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How to Lend a Hand with Children’s Ministry

By Daphna Flegal

“I’ve already done my time!”

“I’m too old to teach children!”

“I can’t get down on the floor anymore!”

“Let the parents do it!”

Have you recently been asked to teach in your church’s children’s ministry? Did you respond with one of these phrases? If so, let me refer you to Psalm 71:14-19. Psalm 71 reminds us that regardless of age, we can proclaim God’s wondrous deeds and teach the next generation.

Now I know you probably don’t get up and down in those little chairs like you used to. I’m right there with you. But that’s not a viable excuse. I’m sure your church would make sure there’s an adult-sized chair in the room for you to use. The fact is the church needs your talents and your wisdom. Children need to be in relationships with persons of all ages, even those people who qualify for senior discounts. I’d say especially those who qualify for a senior discount.

Here are ten ideas for how you can continue to support and serve the children’s ministries of your church, even with gray hair.

1. Be a teacher.

Talented, caring teachers are gold. In the first church I served as Director of Children’s Ministries, there was a teacher who taught three-year-old children well into her eighties. Generations of families in the church were delighted when it was their turn with Miss Louise. No, she couldn’t get down on the floor anymore, but storytime was still a highlight of the class.

2. Be a shepherd.

As a shepherd, you work with the children and move with them from activity to activity. Your job is to relate to the children and become the second pair of hands for the teacher. There’s no planning involved. You follow the lead of the teacher. A shepherd can also help the class meet Safe Sanctuary policies by providing two adults for a group of children.

3. Be a greeter.

If planning lessons is not your thing, you can always volunteer to be a greeter. This person becomes a familiar face, greeting each child as he or she enters the room. A greeter can take attendance, count the offering, and send out birthday cards or “We miss you” cards to the children. Often, a greeter will only stay for the first fifteen minutes of class and then leave to attend an adult Sunday school class.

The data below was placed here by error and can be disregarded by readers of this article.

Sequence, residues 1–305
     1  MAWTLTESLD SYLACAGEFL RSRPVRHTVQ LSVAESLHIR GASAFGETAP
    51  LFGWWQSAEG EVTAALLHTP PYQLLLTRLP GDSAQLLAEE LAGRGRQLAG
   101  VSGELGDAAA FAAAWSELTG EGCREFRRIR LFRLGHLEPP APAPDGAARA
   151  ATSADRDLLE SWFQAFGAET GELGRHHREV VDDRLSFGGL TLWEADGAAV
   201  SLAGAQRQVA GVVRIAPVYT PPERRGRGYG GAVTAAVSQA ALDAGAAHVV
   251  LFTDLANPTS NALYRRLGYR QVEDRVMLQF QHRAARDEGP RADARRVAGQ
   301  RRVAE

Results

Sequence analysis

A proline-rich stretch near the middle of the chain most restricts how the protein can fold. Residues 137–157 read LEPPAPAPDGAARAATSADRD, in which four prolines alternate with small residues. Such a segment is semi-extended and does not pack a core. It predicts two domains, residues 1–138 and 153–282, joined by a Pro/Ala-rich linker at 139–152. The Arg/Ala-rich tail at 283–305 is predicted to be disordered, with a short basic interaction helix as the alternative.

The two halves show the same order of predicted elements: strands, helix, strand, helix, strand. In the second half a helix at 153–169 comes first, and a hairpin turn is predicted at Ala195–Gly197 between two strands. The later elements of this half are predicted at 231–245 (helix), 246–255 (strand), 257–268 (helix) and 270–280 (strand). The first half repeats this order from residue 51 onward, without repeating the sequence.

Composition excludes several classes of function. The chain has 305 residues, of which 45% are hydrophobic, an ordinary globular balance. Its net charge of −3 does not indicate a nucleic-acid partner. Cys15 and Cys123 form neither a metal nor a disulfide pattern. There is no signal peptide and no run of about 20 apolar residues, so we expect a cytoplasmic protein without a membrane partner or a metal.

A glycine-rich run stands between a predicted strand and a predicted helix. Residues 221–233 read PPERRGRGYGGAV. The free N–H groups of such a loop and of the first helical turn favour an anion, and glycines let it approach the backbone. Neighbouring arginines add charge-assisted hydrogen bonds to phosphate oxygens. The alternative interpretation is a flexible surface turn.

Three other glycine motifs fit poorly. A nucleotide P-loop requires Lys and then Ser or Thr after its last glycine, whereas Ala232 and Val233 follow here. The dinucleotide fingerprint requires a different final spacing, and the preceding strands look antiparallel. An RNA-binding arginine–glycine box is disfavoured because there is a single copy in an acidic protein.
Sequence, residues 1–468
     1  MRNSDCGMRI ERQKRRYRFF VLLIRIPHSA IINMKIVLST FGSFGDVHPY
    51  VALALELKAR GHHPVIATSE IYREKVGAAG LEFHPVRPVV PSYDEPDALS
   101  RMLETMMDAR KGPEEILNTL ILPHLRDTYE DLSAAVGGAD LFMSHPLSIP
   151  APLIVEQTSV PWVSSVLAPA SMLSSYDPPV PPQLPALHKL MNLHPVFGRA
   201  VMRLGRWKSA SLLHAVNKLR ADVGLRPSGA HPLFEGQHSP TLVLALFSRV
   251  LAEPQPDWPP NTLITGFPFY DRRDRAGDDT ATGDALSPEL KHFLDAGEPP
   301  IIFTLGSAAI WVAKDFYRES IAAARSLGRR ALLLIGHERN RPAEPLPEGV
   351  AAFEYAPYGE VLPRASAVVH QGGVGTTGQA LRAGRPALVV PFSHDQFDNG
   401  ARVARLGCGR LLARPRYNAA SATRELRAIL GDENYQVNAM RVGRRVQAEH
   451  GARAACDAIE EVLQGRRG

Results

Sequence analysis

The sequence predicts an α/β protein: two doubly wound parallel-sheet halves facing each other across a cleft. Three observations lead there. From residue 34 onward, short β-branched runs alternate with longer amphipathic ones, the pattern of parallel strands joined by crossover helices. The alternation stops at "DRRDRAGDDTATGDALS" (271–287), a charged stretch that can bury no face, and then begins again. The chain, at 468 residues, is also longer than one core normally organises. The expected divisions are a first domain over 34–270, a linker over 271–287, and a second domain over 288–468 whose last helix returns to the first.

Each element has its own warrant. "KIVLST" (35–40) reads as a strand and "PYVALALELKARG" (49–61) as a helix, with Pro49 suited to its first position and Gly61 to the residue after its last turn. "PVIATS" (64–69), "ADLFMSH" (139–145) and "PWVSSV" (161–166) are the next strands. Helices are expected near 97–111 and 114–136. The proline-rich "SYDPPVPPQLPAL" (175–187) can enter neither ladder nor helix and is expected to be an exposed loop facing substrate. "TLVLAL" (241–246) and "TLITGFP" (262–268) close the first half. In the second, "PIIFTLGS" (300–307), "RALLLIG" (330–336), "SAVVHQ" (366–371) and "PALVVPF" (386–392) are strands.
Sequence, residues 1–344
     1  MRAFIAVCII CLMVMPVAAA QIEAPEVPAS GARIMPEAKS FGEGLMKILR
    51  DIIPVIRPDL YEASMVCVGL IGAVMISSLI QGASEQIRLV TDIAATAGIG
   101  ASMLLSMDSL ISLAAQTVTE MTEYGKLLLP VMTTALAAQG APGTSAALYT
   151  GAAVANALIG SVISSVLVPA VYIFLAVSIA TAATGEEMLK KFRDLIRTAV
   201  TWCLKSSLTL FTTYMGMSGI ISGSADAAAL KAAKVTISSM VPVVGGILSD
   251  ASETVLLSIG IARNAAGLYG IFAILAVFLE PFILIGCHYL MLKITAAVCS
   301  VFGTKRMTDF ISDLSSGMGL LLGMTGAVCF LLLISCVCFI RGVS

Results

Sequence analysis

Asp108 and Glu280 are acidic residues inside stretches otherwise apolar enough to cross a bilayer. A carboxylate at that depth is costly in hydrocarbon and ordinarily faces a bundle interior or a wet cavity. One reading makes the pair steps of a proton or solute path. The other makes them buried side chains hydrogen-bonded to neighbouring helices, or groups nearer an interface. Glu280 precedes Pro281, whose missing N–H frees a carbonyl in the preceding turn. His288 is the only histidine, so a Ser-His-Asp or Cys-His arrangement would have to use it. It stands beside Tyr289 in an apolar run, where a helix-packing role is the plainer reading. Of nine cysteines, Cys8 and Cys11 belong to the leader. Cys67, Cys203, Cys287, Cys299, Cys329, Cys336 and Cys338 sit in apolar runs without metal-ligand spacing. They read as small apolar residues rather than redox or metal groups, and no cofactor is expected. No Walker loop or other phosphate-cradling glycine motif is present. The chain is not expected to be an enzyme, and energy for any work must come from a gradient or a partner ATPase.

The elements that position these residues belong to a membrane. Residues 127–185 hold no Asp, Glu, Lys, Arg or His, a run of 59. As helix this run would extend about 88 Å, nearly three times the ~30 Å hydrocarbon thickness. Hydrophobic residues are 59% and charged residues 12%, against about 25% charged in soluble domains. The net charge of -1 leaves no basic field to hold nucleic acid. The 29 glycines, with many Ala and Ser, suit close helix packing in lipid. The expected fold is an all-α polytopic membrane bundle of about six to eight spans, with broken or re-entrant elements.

4. Be a substitute.

You can volunteer to be a substitute when the regular teacher has to be away. A church in Texas offered a program called SOS (Substitute on the Spot). A bag filled with the lesson plan and the supplies needed was left at the church office. If a last-minute substitute was needed, the sub simply picked up the bag and was ready to go.

5. Be a rocker.

If you prefer a rocking chair to a classroom chair, volunteer to rock babies or be an extra pair of hands in the nursery.

6. Share your talents in the classroom.

If you have a particular hobby or talent, offer to share that talent with the children. You might come into the classroom just to tell a story or read to the children. You might teach the children how to make bread when they’re discovering the story of Ruth or how to work with wood when they’re learning that Joseph was a carpenter.

7. Share your talents outside of class time. 

You can also share your talents outside the classroom. You might make snacks to bring to the children, sew biblical costumes, paint walls, organize supply closets, or even mop floors. (I really did have one person tell me she’d rather mop floors than teach children.)

8. Help the teacher prepare.

Some churches have groups of retirees who meet at the church one day a week to help teachers prepare for their classes. The volunteers punch-out craft activities, separate story papers, and cut out storytelling figures. When the teacher arrives for the class, the activities are ready to be used.

9. Send notes of encouragement.

Children’s teachers often find themselves in the children’s wing or even the basement. They’re not always visible to the larger congregation. Sending teachers notes of encouragement can help them feel like the congregation appreciates the work they do with children.

10. Be a prayer partner.

Pick a teacher or a child. Intentionally pray for that person throughout the year.